UPDATE: A follow-up to the below article was published in September 2023 after National Records of Scotland contacted the author regarding unusual data errors. A response to readers' remarks was published in November 2023.
Given what was routinely portrayed in the mainstream media in 2020 and beyond during the course of ‘the pandemic’, one would expect the death toll ‘from the Covid–19 virus’ to be abnormally high in the employed groups most in contact with the general public, namely shop workers, police and teachers. Covid was, after all, reported many times as a ‘once-in-a-century’ event.
You may have seen in my previous Freedom of Information piece that there were, astonishingly, zero deaths among all doctors and nurses in Scotland over a three-year period from Covid–19.
With that established, my curiosity was firmly engaged. We can see from official statistics that the total number of people employed in Scotland within shop work, the police force and education is around 300,000—there are approximately 245,000 jobs in Scottish retail; 16,600 are employed by Police Scotland; and 52,600 Scots work as teachers.
The professional hazards
In 2020, Scottish Police Federation (SPF) chairman David Hamilton said the police could be ‘super spreaders’ of the virus. He also raised concerns about attacks on his union members which deliberately sought to infect them.
‘Not only is it disgusting, coughing and spitting on someone, particularly at this time, it is absolutely appalling and essentially weaponsing the virus and using it to try and cause harm to other individuals,’ he said.
These attacks, reported by the Scottish mainstream press, were not just made on police officers. They were also reported to be commonplace amongst shop staff in 2020. This issue was considered so severe that the Scottish Government decided to legislate on it.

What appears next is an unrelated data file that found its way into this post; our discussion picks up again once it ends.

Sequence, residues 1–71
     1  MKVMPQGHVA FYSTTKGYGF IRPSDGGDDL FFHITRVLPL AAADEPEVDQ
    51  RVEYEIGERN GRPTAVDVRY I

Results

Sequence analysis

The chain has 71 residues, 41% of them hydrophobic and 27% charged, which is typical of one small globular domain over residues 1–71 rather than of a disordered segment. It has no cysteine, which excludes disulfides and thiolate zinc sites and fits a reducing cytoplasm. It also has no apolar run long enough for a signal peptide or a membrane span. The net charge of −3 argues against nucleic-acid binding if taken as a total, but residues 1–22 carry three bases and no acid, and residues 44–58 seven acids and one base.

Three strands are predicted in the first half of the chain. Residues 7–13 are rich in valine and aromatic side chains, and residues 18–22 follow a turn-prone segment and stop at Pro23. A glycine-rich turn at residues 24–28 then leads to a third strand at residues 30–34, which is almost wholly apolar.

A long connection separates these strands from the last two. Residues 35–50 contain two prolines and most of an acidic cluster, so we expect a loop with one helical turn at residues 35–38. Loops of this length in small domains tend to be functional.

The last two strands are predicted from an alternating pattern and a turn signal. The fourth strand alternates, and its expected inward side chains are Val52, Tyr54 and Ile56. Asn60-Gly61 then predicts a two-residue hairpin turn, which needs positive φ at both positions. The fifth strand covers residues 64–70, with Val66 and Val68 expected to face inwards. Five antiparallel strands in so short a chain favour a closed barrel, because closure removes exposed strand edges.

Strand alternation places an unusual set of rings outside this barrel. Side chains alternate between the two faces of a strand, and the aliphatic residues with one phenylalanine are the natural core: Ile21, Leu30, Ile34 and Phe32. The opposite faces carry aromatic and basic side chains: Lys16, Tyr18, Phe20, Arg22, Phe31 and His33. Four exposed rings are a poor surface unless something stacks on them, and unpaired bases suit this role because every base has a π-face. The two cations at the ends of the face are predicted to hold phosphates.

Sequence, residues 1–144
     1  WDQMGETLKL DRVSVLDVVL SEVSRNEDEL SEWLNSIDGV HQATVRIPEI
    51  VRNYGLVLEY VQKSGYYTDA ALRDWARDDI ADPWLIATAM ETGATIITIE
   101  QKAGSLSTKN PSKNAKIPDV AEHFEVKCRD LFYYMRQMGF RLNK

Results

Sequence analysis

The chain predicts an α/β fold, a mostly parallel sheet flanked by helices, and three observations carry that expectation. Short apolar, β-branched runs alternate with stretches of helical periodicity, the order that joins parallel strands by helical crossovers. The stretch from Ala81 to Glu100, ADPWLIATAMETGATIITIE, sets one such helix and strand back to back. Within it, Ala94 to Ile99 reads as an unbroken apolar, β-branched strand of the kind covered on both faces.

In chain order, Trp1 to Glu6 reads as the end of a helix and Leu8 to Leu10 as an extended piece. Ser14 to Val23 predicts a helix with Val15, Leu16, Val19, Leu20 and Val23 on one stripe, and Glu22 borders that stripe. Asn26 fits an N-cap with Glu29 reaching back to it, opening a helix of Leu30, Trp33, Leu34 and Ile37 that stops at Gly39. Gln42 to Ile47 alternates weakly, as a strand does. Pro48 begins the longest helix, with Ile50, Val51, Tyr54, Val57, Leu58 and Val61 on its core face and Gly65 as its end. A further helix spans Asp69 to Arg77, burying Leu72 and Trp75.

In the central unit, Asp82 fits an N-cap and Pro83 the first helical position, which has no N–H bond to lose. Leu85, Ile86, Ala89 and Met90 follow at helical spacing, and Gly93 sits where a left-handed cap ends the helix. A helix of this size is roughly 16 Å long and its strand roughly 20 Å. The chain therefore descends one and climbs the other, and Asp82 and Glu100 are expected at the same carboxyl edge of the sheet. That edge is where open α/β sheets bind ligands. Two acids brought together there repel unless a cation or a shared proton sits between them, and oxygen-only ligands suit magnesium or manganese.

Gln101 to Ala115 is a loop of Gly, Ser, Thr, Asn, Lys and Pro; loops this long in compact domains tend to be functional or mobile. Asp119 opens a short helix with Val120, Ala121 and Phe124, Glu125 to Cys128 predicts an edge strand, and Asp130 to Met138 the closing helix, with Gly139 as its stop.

The Scottish parliamentarian (MSP) behind the legislation insisted that ‘enough is enough’. Labour’s Daniel Johnson said that attacks and abuse of retail staff had increased since the coronavirus pandemic began.
Moreover, it was reported that Scottish teachers were also being attacked during ‘the pandemic’.
The reporting above is quite disturbing, and those on the metaphorical front lines were most definitely at an increased risk from ‘the virus’ as compared with the rest of the general public, who were told to stay at home as much as possible and not to socialise outside their government-advised ‘bubbles’.
So it may come as a surprise just how different mortality rates from ‘the virus’ were among the above occupational groups over the ‘stay-at-home’ remainder of the Scottish population.
The death statistics
Here is a recent Freedom of Information response I have received on deaths involving Covid–19 for all shop workers, police and teachers in Scotland. I never would have expected such a dramatic result of reported deaths from ‘the virus’.
From all other causes, among people in the aforementioned occupations over the same period, there were 2,522 deaths. These were not reported, nor grieved by the Government, but every ‘Covid’ death was a tragedy, according to the First Minister.
Source: Archive | National Records of Scotland
The Scottish mainstream press was again, repeatedly, just as we saw with nurses, reporting deaths in shop workers as being from the virus—which these official statistics contradict. All the above other causes of death were not considered relevant to be reported.
The reality is that over a three-year period in Scotland, there were zero deaths from ‘the Covid–19 virus’ amongst the employment sectors most in contact with the public (including doctors, nurses, shop workers, police, and primary and secondary school teachers). It is now unarguable that these data demonstrate a ‘pandemic’ of fear and hysteria, not backed by science or evidence.
Professor John Oxford, one of the UK’s foremost virologists, said at the start of Covid hysteria in March 2020:
Personally, I would say the best advice is to spend less time watching TV news, which is sensational and not very good […] We are suffering from a media epidemic.
As a Scotsman, and in light of these unreported and (to me) jaw-dropping facts, I cannot escape the uneasy feeling that we are witnessing something truly grotesque occurring in our country and that ‘the virus’ has been and is still being used by our government in lockstep with unelected NGOs to instil dangerous behaviours and permanent changes in society that will not ever be in the public interest.
To take one local-level Scottish example, South Lanarkshire Council intones (emphasis added):
The Covid-19 pandemic has exposed major weaknesses in our economy […] As the world recovers, we have a chance to reset the clock and build back better than before.
Where is the voice of the people? I think it’s time to speak up—and loudly.